Janet Darbyshire and colleagues from the MRC Clinical Trials Unit in London pioneered the conduct of a series of ground-breaking HIV treatment trials during the 1990s. One of these trials, The Delta trial randomised more than 3,200 patients to treatment with zidovudine (ZDV) alone or ZDV in combination with either didanosine (DDI) or zalcitabine (DDC). One of the questions the trial wanted to answer was whether combination treatment with DDI was superior to DDC.
The authors analysed this in two different ways. The first approach looked at the direct randomised comparison of patients randomised to either DDI or DDC. The second method identified those patients initially randomised to just ZDV and whose treatment was subsequently modified in an open-label fashion to include combination treatment with either DDI or DDC. Death was chosen as the study endpoint with the groups being similar in terms of selected risk factors for clinical progression. This means that the groups “looked” the same giving a false reassurance to be able to reliably investigate the effects of combination treatment across both the randomised and observational analysis.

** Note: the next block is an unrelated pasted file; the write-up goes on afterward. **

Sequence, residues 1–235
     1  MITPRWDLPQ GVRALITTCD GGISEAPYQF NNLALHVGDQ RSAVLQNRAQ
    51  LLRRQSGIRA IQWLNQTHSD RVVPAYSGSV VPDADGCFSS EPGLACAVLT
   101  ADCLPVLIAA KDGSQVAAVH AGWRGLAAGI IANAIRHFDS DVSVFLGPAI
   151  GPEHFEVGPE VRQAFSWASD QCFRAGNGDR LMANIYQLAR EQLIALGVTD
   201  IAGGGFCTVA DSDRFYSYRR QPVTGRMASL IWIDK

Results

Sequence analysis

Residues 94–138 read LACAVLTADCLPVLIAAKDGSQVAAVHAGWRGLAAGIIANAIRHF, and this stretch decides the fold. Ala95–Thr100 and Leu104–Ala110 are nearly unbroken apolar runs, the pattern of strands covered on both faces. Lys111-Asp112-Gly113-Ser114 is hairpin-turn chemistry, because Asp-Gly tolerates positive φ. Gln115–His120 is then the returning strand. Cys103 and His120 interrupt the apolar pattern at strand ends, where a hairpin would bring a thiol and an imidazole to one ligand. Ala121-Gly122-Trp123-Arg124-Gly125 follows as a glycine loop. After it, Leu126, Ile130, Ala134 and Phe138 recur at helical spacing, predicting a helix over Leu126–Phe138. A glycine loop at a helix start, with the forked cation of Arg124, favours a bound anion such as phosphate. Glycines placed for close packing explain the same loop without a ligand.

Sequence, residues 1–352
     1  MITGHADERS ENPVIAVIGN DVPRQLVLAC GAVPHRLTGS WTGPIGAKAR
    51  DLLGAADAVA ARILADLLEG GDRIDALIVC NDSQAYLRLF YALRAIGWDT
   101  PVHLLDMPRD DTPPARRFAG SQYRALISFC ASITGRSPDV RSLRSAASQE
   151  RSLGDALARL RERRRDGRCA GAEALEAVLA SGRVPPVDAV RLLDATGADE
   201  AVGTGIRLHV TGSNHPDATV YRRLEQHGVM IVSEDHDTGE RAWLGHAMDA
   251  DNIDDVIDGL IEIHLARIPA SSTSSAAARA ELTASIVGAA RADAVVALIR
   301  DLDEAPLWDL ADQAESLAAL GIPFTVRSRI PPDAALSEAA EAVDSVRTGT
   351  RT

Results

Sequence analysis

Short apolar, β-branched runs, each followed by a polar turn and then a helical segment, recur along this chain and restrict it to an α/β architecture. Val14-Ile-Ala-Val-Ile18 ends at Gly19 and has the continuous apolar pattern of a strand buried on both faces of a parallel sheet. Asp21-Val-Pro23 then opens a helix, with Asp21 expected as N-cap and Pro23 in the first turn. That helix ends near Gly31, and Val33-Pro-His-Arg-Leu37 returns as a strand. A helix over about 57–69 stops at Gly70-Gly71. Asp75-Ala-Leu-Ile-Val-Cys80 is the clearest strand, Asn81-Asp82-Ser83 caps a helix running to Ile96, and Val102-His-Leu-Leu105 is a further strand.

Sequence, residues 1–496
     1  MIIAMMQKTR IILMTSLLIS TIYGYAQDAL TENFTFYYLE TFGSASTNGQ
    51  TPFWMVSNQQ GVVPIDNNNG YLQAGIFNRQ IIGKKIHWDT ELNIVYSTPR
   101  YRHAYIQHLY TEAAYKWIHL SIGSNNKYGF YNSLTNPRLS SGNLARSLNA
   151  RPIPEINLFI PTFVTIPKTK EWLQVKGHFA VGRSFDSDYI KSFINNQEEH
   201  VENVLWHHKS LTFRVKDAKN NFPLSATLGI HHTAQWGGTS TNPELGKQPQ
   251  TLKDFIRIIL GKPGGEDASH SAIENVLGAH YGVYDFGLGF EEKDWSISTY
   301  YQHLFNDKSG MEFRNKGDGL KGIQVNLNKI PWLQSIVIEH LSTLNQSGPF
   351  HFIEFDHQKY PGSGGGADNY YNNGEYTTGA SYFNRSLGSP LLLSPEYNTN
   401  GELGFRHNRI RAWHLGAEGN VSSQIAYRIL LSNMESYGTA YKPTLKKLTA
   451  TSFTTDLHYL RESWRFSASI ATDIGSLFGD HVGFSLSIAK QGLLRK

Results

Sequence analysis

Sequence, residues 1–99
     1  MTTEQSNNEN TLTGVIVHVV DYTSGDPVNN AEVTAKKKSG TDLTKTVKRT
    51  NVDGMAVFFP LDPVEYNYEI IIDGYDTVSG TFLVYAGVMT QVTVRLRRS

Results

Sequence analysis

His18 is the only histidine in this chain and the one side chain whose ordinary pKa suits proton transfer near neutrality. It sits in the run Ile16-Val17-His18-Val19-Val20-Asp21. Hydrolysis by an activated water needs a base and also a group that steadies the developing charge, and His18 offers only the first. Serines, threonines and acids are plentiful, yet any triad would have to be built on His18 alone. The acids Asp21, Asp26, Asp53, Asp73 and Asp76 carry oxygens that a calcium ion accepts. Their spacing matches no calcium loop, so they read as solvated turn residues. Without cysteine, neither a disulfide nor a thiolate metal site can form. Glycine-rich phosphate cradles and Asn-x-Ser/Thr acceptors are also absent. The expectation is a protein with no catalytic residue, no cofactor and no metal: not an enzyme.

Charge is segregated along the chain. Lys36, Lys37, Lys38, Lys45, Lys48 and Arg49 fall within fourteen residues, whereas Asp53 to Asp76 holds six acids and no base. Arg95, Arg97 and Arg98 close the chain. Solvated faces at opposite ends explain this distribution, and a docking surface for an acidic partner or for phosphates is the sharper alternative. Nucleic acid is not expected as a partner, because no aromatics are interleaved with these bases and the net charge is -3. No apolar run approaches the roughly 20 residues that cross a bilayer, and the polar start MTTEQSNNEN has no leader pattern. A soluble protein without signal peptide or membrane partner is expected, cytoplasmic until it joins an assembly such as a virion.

The analysis clearly showed that in the randomised group ZDV plus DDI showed improved survival compared to ZDV plus DDC, but in the observation group the opposite effect was seen, namely combination treatment with DDC showed improved survival over DDI. Why might this be the case?
One explanation suggested by the authors is that in the observational group patients with a poorer prognosis are more likely to be prescribed DDI over DDC. This selection bias was not identified from the baseline analysis of selected risk factors for progression highlighting again the false reassurance that such results can confer. This highlights once again that only with a proper randomised comparison can selection bias resulting from known and unknown characteristics be reliably eliminated.
You can read the full paper here.